Estimates suggest that quartz crystals take thousands of years to form, as the process requires a gradual cooling of magma or a slow precipitation of hydrothermal solutions. Rapid processes can produce massive microcrystalline or semitransparent quartz, but without the correct crystal shape. In 1845, German geologist Karl Emil von Schafhäutl was the first to successfully cultivate quartz crystals through hydrothermal synthesis. Modern techniques can be used to grow large single crystals, but they require specialized equipment.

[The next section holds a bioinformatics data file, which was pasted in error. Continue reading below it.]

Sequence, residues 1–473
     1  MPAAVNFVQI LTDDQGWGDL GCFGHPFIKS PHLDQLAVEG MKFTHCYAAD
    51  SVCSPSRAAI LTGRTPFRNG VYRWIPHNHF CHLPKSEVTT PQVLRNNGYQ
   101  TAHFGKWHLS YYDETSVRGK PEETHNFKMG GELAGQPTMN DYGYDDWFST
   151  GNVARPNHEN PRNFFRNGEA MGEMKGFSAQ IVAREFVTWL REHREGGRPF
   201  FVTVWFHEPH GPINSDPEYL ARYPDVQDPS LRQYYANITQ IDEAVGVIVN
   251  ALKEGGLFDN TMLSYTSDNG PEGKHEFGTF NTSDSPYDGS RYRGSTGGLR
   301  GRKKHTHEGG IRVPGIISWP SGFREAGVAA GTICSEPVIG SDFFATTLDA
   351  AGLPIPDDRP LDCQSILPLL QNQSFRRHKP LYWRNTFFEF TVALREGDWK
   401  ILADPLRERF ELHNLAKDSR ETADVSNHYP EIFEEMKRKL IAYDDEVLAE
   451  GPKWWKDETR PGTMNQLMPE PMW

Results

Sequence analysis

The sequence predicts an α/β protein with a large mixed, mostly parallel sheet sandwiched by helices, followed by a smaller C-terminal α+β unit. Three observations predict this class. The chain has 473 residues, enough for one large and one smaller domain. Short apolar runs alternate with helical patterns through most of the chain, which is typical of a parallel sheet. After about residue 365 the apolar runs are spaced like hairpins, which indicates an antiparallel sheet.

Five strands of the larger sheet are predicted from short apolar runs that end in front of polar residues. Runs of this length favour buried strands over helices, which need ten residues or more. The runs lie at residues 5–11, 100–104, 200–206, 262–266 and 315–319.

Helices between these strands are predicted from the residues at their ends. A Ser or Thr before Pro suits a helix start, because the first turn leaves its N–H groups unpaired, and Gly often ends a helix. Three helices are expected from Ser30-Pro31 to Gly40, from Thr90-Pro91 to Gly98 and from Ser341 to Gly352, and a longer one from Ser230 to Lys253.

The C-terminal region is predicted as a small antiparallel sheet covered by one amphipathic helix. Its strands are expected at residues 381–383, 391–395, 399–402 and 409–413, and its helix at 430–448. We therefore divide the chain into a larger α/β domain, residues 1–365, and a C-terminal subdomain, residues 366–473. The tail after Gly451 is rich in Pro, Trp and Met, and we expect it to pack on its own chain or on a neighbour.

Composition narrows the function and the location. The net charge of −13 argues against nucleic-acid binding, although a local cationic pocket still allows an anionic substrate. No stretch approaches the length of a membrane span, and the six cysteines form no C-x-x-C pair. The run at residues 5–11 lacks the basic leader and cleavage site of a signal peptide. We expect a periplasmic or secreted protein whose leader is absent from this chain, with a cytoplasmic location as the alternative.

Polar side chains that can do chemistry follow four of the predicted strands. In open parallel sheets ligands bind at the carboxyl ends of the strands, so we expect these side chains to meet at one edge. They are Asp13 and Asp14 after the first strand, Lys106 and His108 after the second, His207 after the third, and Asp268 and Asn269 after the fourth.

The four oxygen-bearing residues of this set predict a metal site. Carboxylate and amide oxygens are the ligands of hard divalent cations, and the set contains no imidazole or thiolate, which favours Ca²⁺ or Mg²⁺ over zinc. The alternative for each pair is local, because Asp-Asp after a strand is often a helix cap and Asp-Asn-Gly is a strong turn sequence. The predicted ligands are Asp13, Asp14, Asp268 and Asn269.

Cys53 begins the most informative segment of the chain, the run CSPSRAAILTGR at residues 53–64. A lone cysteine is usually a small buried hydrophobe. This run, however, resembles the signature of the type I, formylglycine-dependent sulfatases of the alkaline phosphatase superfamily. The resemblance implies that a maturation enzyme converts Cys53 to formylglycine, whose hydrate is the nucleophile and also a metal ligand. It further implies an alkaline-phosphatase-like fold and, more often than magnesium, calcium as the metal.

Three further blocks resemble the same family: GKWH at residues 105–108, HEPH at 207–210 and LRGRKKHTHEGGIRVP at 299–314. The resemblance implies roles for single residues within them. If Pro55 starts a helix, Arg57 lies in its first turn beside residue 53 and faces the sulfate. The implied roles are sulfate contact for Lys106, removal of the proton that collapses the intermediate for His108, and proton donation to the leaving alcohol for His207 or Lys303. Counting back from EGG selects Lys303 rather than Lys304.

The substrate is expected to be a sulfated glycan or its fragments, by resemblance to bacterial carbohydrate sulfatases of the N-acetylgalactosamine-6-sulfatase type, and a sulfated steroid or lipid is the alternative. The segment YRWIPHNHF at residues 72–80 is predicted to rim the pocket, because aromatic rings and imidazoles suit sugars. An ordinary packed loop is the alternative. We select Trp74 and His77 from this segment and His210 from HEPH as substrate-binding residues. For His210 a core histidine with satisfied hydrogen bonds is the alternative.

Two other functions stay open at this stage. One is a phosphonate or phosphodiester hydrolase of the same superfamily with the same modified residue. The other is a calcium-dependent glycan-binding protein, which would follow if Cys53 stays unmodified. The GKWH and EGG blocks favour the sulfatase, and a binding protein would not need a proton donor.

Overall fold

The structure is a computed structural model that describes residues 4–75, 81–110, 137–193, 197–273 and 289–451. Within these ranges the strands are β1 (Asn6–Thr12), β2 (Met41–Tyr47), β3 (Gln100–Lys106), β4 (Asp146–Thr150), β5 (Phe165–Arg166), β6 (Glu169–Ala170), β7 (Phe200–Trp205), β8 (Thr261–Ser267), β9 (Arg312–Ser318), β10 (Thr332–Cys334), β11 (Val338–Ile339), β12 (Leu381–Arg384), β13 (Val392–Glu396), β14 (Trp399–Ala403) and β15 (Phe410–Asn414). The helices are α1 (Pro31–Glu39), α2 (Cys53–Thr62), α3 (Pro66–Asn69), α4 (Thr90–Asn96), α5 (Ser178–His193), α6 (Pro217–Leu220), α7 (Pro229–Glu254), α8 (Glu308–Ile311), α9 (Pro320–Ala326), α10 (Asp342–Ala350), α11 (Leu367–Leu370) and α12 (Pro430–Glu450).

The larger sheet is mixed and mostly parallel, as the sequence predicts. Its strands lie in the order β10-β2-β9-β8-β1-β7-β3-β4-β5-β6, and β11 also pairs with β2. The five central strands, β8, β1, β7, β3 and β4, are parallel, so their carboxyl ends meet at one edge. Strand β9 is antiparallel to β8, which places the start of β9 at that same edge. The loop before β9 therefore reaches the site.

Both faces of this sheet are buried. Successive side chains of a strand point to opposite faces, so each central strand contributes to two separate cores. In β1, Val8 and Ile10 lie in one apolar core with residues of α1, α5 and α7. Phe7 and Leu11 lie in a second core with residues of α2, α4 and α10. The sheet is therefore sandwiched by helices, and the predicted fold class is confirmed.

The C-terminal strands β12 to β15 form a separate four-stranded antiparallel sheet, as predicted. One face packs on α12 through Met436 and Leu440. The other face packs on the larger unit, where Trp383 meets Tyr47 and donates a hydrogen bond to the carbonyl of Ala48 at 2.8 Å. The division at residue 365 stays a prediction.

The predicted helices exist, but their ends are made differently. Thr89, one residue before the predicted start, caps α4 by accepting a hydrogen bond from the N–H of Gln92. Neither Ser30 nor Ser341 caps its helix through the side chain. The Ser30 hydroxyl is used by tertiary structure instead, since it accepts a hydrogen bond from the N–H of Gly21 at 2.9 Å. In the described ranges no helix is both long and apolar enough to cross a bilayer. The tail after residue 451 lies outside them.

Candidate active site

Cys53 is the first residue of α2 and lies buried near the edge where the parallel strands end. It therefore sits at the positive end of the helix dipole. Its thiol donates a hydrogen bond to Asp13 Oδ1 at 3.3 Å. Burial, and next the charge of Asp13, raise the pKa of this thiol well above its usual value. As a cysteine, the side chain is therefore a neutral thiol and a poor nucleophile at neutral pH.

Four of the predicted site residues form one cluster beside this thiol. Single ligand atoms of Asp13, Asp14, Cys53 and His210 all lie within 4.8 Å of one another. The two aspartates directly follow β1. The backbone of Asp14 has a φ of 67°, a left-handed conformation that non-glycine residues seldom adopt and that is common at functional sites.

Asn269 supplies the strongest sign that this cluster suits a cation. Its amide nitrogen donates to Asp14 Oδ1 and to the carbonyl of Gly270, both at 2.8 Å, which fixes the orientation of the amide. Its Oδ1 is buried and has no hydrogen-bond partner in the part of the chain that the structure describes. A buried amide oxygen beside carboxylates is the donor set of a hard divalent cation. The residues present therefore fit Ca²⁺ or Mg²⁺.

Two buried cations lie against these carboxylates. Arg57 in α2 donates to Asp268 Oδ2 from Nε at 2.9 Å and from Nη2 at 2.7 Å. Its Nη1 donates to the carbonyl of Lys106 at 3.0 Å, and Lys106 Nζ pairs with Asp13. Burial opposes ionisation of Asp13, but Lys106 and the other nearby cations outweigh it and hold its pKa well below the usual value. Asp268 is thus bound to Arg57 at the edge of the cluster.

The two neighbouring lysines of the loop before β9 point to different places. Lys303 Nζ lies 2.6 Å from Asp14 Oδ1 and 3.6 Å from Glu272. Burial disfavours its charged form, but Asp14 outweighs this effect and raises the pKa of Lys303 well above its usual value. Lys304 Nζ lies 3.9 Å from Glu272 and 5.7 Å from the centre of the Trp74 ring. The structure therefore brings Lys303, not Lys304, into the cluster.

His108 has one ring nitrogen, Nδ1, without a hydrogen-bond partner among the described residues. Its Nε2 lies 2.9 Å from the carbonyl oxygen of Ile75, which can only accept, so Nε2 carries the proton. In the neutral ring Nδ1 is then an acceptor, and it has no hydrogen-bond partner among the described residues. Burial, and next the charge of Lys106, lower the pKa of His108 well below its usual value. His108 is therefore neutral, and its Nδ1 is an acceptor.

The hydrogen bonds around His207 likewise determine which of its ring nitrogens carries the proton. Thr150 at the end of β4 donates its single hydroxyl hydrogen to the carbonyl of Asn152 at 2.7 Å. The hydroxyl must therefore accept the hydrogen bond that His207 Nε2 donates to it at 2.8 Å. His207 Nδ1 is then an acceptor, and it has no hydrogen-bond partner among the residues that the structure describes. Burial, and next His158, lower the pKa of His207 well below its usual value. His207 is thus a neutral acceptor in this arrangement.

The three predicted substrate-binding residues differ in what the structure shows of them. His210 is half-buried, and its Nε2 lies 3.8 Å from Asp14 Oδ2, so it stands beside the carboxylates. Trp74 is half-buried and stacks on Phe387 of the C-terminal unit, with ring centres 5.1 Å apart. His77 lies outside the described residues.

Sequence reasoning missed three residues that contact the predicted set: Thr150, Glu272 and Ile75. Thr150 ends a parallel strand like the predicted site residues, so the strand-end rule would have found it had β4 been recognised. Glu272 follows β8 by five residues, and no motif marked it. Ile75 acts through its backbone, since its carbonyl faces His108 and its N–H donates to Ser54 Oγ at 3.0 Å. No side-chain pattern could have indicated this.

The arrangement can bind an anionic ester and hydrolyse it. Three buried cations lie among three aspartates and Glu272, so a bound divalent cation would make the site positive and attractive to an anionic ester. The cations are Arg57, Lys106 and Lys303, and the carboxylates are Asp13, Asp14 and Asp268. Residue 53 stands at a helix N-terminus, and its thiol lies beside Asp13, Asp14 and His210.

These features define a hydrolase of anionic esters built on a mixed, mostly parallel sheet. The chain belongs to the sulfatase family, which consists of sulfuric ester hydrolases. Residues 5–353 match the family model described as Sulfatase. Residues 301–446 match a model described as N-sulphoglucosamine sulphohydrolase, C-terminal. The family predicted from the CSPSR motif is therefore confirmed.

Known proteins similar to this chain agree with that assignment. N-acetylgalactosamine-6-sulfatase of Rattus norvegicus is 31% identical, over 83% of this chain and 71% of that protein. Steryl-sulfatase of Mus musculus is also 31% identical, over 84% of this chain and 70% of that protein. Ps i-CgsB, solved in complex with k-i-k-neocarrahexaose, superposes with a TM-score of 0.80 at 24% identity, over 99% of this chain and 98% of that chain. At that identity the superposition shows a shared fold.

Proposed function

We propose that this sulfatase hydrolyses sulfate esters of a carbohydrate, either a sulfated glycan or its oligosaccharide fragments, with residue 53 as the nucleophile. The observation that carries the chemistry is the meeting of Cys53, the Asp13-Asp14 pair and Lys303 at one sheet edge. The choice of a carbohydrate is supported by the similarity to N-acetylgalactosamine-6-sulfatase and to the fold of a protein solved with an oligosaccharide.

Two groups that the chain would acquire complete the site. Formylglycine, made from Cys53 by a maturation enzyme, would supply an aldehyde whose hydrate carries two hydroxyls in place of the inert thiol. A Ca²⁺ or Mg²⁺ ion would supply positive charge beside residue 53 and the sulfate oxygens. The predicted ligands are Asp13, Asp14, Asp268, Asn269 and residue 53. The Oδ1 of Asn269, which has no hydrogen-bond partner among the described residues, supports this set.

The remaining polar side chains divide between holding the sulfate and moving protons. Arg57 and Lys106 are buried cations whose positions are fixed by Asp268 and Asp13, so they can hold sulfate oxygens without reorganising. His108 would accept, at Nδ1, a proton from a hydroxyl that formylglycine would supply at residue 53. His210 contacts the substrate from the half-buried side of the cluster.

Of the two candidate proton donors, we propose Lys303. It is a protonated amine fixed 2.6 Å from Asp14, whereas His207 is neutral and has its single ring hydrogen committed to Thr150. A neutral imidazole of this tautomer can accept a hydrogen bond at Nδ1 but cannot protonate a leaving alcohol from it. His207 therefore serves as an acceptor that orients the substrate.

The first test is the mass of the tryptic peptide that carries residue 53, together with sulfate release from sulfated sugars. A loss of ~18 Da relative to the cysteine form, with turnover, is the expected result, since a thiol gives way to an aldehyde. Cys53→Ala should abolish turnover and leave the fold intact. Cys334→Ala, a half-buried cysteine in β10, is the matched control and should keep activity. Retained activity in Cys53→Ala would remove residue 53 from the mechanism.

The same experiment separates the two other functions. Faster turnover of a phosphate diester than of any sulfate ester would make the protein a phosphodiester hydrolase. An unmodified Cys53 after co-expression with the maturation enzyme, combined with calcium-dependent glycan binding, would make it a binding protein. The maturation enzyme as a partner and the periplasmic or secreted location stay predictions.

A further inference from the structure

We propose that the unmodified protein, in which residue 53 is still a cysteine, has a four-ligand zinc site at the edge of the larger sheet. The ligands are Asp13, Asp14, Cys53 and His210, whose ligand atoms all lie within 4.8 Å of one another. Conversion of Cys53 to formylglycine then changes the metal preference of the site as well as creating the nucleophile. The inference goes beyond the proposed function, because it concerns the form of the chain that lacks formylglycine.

Molecules tend to withdraw from the edges of crystals, making it difficult for small crystals to form. Ghostly layers form over hundreds of years inside a crystal due to hot water solutions trapped in the cavities of preformed glass. Rutilated quartz crystals are golden-yellow needle-shaped inclusions that give quartz its shape. Quartz crystals in igneous rocks may also show an onion-like internal structure, indicating pulsating growth.
If you're determined to grow quartz crystals at home, you can heat silicic acid in a pressure cooker to create small crystals. Certain types of amethyst crystals can be colored with modern heat treatment. Feldspar crystals are more likely to be found in granite than ideally shaped quartz crystals.